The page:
Beno Gutenberg’s role was played up in later years by Richter. ‘The usual designation of the magnitude scale in my name,’ he said in 1977, ‘though perhaps convenient, does less than justice to the great part played by Dr Gutenberg.’ But according to a colleague quoted in Richter’s obituary in the Los Angeles Times: ‘For many, many years, Charlie did very little to emphasise Beno’s role. If you wanted to think it had all been Richter's doing, then that was all right with Charlie.’
Critics said Richter was fascinated with earthquakes to the point of obsession. He kept a seismograph in his living room and visitors would find printed readouts permanently draped across the furniture. Richter used to say his wife liked them there as a conversation piece. He adored talking to the press about the latest earthquake and, when one occurred, he used to clutch the seismology lab telephone in his lap so that he could be the first to answer the calls when they came in.
Charles Francis Richter was born in April 1900 on a farm near Cincinnati, Ohio. He was raised by his maternal grandmother and, when he was nine, the family moved to Los Angeles. A year later, Richter experienced his first earthquake, which he said ‘surprised [him] no end’. He obtained a degree in physics from Stanford University before enrolling at the CIT for graduate study in 1920. In what was only supposed to be a temporary assignment, Richter began work in the fledgling seismology laboratory, where he stayed for virtually his entire career.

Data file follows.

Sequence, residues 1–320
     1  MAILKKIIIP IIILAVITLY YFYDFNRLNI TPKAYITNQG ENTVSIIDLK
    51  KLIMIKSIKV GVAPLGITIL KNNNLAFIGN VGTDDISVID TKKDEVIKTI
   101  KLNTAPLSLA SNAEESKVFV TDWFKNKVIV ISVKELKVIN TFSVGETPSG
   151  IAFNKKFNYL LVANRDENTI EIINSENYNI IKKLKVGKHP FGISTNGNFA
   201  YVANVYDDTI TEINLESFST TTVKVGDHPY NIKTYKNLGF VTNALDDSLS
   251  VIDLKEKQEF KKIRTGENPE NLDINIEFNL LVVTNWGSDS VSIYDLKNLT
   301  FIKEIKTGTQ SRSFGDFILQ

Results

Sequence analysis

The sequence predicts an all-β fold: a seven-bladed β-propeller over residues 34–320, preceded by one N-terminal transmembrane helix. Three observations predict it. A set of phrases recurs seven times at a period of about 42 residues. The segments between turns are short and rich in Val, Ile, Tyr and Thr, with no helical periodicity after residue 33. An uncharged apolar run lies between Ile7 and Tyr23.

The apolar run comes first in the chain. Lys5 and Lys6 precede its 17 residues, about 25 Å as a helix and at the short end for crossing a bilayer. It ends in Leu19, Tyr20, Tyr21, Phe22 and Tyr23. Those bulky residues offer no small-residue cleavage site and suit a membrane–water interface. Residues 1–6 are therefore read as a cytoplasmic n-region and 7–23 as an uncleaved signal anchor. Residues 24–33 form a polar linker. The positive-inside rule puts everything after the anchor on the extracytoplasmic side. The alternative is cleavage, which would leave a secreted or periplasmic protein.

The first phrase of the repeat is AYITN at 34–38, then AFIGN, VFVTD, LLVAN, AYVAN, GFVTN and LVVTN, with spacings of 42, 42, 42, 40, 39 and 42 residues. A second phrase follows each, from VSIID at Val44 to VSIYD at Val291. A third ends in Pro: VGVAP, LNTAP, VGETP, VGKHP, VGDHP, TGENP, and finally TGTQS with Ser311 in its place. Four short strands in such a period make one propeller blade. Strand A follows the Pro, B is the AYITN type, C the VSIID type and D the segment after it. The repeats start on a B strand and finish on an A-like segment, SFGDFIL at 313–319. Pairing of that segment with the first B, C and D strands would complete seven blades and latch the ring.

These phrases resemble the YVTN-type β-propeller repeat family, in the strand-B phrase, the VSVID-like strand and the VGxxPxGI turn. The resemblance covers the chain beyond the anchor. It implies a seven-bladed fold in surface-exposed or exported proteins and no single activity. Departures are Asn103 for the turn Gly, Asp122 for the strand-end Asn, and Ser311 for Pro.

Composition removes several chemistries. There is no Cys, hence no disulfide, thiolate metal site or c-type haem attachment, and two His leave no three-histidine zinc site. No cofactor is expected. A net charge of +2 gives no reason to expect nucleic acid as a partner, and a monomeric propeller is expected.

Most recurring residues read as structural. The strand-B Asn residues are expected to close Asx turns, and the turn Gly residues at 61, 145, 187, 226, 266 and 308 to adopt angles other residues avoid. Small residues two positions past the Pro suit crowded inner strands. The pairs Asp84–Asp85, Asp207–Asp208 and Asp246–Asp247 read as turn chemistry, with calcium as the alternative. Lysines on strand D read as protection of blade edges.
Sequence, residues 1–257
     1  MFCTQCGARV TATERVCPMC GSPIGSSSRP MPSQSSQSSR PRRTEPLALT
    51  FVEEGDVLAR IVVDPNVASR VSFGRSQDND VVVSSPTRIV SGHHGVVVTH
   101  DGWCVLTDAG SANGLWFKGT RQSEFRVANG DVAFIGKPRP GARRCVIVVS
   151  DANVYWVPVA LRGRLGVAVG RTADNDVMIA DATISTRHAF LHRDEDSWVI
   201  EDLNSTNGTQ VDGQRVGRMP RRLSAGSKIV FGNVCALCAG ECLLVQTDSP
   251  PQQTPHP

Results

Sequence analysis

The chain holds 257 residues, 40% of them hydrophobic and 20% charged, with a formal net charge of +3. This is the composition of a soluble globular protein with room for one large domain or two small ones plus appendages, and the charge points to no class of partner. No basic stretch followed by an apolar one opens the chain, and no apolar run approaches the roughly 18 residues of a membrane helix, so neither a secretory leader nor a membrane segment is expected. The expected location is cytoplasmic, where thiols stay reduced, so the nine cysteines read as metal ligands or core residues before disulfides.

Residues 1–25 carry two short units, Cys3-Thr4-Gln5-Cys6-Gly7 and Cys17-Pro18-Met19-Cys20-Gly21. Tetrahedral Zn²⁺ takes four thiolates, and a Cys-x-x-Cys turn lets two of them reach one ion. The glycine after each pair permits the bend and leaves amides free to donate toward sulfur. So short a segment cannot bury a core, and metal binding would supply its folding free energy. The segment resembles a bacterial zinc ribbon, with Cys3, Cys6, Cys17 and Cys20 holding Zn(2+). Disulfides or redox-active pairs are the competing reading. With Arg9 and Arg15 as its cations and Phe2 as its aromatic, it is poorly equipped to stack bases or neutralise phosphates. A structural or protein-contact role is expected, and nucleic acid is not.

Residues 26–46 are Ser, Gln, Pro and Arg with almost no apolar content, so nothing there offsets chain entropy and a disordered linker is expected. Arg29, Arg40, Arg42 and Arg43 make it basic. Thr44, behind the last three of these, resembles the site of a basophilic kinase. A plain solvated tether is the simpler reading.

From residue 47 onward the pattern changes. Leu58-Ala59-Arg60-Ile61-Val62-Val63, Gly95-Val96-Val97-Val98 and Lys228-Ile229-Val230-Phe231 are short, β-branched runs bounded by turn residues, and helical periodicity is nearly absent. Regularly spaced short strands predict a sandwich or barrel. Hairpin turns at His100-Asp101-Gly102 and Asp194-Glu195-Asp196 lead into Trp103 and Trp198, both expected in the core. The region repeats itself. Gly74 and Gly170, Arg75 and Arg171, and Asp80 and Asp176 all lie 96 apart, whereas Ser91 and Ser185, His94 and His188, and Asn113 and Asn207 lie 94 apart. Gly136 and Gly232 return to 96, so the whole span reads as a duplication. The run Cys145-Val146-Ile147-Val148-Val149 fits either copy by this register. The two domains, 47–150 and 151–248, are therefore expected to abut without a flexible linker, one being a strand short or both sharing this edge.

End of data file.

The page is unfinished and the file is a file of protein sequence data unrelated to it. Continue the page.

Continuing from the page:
Over the years, he developed a reputation for being a deeply gifted but idiosyncratic man. ‘He had a brilliant mind, but it bordered on instability,’ said one colleague after Richter died. He married his wife Lillian in 1928 and the couple never had any children. They were thought of as an unusual, if contented, pair. To begin with, they were nudists – which was pretty shocking stuff in those days. But despite this daring behaviour, Richter hated socialising and had little time for the departmental get-togethers that are such a big part of academic life.
He remained totally immersed in his subject right up until his death, attending lectures into his eighties. Like many seismologists, Richter did not spend much time trying to predict earthquakes. As Wayne Richardson says: ‘The only thing you can really predict is that they are going to keep happening, but that's about it. Some say that accurate prediction is impossible.’
One of Richter’s chief concerns was to improve structural standards in buildings in southern California to minimise the effects of earthquakes. The Maharashtra earthquake in India in 1993 killed 10,000 people, while the Californian earthquake of January 1994, which was nearly twice as powerful, killed just 40. The difference in fatalities was mainly down to the stability of the buildings affected by the earthquake.
Every time a major earthquake strikes, a little more is learned about how to survive the next one. But one thing is certain: ‘We are becoming more at risk,’ says Wayne Richardson. His team records 5,000 earthquakes a month worldwide, including the smallest tremors. Their frequency is not rising but as the world’s population grows by 93 million each year, and cities become more crowded – 45 per cent of the world's population now live in towns and cities – so the risks increase. The science that so gripped the strange, brilliant mind of Charles Richter still has a long way to go.